Who is the Egyptian? Considering that Egypt absorbed so many different nationalities in the past 200 years; Italians, French, Germans, British. Where do all the different people who’ve passed through it fit in? What is the Egyptian identity? The Islamic, the pharaonic, the post-modern?

Egypt has been extensively photographed by foreigners, and had its fair share of the orientalist gaze. Iverson himself, despite his years and experience could still be considered a foreigner. Do Egyptians identify with these representations of themselves by ‘the other.’ How much have they internalized these images?

“After he tells us we have to rethink these things, there is another layer where you realize the scenes are actually fabrications. It’s like we’re manufacturing our own history through illusion,” adds Farid.


Quiet revolutions

Looking through the exhibition, it becomes harder and harder to tell what is real and what isn’t, what counts as documentary and what doesn’t.

An image of two women in Bedouin-wear is one of those photos where the boundaries are blurred. It is placed on a table as part of the archive segment of the exhibition, showcasing small images from the founders’ personal collection and other sources.

We never doubt it’s an archive photo, but what is less obvious is the conditions of how it was shot, as Farid explains.

“They’re not real Bedouin, but more like actors told to dress as such. It’s part of our archive, but we took it as evidence, even though it’s a fabricated and orientalist image.”

On the other hand, and also challenging our understanding of archive, is a 1920s image of two women posing as a married couple, one in a dress the other in a suit with her hair tied up beneath a tarboush.

It sheds light on how, at the time, photography was revolutionary and had become very fluid and accessible, making the idea of self-representation interesting.

“They play-acted and cross-dressed, and collected the images privately like diaries,” Farid explains. “This is why it was important for us to have this display, for us to show these references and to remind people that this is documentary: people in control of their own agency and making their own choices, working with the photographer.”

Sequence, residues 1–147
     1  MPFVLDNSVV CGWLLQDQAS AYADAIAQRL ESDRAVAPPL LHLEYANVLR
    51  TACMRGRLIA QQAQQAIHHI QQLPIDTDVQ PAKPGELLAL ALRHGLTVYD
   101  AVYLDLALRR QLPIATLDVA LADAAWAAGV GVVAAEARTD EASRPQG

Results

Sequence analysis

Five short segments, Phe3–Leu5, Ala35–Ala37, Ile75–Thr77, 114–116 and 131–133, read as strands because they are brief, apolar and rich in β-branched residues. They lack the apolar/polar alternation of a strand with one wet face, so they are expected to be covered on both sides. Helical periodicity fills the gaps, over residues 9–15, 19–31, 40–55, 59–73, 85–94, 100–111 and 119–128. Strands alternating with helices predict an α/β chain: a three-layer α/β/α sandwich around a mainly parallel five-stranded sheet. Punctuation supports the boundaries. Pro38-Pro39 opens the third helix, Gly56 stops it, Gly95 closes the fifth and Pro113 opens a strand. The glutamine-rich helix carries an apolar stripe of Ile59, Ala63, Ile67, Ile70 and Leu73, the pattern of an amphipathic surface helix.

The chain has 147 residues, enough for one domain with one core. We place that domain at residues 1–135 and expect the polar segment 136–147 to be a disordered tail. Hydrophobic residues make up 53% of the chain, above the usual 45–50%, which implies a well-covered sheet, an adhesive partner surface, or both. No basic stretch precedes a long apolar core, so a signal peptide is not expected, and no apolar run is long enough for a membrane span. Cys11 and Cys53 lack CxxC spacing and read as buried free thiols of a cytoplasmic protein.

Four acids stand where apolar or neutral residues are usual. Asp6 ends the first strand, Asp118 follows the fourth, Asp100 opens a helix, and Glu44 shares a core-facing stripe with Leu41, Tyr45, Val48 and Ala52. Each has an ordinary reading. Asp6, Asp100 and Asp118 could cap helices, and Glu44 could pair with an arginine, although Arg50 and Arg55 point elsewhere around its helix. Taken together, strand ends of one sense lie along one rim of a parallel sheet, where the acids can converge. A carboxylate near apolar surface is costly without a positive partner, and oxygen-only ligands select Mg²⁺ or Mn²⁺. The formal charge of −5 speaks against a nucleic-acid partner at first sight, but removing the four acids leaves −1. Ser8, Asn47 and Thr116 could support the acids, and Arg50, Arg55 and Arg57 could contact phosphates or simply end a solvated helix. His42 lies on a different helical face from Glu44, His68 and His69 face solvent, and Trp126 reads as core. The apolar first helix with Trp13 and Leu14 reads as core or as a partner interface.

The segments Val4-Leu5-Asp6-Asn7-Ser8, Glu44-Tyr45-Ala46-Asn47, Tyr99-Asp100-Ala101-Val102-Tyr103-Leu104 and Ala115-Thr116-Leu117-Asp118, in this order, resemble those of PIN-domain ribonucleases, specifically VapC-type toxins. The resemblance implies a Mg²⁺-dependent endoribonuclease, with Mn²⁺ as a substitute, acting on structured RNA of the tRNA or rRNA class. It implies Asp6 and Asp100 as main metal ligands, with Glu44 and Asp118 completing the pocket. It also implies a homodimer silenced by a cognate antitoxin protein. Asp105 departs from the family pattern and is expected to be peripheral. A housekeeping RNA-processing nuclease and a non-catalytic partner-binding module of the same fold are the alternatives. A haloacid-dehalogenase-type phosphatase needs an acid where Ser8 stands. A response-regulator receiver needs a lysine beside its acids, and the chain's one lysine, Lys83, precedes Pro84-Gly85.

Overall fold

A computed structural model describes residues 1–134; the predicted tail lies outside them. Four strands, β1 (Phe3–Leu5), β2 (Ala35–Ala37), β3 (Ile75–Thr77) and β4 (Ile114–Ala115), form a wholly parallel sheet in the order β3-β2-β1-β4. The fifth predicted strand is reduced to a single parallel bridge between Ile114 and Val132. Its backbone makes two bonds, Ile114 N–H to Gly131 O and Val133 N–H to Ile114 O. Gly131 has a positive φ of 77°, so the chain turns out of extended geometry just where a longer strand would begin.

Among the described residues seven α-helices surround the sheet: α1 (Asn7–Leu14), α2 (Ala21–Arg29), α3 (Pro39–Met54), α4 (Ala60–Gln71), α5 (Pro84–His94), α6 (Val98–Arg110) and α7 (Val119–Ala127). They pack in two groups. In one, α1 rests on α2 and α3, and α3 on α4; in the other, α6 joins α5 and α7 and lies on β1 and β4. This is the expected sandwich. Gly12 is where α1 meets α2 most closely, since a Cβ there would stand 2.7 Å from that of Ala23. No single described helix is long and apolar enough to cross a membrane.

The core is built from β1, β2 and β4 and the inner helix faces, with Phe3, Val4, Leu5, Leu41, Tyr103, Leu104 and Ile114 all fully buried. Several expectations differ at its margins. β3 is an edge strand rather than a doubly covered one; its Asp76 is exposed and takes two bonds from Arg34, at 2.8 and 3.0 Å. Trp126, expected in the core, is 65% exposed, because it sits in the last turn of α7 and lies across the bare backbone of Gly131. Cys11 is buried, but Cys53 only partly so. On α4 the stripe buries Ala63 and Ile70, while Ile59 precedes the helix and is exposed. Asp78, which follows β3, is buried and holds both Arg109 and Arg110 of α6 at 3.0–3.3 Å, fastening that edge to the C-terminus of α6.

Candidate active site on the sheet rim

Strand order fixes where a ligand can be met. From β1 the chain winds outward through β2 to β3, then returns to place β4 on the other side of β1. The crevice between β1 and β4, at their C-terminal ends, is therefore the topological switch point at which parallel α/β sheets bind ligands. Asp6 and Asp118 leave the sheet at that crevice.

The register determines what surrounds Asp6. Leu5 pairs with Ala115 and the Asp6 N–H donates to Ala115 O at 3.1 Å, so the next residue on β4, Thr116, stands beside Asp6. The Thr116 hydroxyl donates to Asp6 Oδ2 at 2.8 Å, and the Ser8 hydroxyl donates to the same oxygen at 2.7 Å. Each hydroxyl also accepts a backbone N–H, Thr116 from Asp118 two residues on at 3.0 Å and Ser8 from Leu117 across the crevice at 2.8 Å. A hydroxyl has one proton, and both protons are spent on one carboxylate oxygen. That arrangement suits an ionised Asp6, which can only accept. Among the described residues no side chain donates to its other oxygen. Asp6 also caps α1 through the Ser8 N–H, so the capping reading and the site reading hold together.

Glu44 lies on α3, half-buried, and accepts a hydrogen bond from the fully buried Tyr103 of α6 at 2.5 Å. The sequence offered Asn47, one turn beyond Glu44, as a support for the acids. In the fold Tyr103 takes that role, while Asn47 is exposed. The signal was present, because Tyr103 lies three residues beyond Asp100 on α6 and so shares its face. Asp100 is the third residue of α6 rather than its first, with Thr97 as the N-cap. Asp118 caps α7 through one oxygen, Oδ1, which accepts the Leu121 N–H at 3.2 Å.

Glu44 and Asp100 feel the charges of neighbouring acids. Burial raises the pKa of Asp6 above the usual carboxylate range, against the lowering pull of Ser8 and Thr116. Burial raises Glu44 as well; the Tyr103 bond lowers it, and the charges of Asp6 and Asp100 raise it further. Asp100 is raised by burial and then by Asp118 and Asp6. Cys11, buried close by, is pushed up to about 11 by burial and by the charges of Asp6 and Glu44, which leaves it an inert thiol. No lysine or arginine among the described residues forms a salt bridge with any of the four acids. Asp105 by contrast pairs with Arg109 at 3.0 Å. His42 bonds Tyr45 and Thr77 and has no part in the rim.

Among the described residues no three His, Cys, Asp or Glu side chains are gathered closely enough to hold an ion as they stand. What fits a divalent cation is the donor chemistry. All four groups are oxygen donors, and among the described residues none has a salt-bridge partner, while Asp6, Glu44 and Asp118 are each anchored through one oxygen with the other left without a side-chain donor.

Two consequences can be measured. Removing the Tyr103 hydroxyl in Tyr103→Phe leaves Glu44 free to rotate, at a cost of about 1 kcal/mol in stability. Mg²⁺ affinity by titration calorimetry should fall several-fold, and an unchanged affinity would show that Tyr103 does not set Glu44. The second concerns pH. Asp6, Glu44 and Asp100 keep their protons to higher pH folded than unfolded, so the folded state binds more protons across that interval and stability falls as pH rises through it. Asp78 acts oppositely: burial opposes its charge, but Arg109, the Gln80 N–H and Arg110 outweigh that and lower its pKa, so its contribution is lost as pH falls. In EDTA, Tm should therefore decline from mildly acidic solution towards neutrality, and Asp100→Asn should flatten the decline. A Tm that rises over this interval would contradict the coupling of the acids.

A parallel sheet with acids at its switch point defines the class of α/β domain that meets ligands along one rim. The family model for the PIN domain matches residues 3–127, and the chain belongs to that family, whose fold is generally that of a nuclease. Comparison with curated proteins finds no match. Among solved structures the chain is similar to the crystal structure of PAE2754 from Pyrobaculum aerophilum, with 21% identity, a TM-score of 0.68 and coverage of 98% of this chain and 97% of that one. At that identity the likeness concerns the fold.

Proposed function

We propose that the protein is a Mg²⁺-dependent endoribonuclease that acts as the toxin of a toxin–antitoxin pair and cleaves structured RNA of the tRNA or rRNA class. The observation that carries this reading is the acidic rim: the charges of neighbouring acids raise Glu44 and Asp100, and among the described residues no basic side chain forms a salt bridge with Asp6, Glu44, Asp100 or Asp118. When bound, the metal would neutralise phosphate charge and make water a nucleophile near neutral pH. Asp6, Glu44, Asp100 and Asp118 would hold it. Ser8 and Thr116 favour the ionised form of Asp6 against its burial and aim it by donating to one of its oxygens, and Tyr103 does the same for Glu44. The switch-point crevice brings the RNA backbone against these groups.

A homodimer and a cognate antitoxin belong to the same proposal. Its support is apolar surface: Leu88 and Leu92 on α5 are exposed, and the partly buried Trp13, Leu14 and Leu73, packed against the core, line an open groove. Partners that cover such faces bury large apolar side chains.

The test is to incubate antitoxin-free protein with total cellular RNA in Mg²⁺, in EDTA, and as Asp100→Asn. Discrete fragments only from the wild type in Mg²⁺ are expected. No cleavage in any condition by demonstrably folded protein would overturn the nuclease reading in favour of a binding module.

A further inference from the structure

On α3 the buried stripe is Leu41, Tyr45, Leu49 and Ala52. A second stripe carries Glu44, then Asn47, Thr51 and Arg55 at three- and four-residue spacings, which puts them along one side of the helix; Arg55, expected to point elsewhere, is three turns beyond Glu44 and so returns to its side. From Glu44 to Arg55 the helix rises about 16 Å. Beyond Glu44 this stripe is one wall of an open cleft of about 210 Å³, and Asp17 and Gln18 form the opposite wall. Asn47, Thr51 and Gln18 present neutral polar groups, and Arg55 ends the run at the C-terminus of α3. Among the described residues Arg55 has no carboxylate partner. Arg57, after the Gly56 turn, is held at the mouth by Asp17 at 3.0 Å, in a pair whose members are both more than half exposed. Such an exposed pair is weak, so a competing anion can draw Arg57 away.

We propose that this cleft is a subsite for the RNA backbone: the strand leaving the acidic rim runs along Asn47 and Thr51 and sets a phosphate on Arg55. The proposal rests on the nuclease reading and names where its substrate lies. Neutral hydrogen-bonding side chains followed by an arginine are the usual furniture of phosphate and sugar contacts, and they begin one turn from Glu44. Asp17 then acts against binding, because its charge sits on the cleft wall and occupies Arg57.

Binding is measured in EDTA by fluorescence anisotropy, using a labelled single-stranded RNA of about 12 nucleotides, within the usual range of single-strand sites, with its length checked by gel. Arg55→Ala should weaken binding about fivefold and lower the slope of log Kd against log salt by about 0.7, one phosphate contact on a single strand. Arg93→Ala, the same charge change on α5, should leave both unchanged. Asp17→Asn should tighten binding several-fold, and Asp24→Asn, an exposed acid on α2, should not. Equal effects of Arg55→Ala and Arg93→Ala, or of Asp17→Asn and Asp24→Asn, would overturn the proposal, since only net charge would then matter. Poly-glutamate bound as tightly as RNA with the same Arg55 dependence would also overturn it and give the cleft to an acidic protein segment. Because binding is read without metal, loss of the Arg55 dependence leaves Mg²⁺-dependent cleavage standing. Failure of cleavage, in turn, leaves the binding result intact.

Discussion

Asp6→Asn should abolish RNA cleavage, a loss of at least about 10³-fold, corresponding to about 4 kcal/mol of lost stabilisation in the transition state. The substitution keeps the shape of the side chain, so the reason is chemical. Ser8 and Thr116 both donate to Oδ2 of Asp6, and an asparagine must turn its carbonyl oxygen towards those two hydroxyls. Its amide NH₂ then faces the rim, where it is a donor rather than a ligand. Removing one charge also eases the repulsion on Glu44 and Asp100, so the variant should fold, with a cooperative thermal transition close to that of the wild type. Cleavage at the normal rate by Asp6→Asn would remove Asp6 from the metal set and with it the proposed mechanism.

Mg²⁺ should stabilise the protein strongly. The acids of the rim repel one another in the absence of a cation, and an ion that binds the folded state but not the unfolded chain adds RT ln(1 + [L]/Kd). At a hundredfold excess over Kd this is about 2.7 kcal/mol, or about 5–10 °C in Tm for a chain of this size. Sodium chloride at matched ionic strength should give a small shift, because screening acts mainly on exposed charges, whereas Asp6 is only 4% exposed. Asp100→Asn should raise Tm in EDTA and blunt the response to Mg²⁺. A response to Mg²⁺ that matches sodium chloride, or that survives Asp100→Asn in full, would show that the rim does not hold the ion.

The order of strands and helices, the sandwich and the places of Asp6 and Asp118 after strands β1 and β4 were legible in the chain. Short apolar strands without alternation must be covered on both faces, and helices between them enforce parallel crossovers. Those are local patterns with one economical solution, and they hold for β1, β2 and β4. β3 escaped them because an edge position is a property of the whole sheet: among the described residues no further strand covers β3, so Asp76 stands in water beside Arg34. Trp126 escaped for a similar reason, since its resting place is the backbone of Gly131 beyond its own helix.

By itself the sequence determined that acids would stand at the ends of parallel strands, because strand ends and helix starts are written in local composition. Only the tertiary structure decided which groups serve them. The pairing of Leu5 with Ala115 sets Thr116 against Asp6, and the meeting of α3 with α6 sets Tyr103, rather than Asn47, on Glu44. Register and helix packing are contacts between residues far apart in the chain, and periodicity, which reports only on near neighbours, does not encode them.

There’s another powerful photo of Mounira El-Mahdeya - pioneering singer of the gramophone era, and starlet of musical theatre - standing in a suit, full make-up, and a tarboush. This image of her was very likely printed in a magazine, showing herself as she wanted to be seen.


Hearts and histories

In the heart of the display, there rests a large photo album in a Plexiglas case. As an artist responding to photo heritage, Iverson emulates another mode of how photography circulated; recalling how the first photographers made albums of their work for sale.

The album is open to reveal a single photo, and the rest of the pages contain 17 more images not on display. It’s like a valuable secret - or rather a teaser inciting us to go on our own further journeys through our photographic history.

The innermost room of the gallery has a collection of fresh new works. In this collection, Iverson commissioned two painters to hand color the photographs, each with their distinct style.

“It was an experiment from both sides,” Farid shares.“Iverson was thinking: Let’s allow it to evolve on its own, have its own life and character. It’s a different approach to his other pieces, where everything is controlled and precise.”

Also in this room on a side wall is a collection of photos from the founders’ personal archive. It serves as a permanent reminder of Tintera’s direction.

“Every show we have will always have some kind of connection with our heritage.”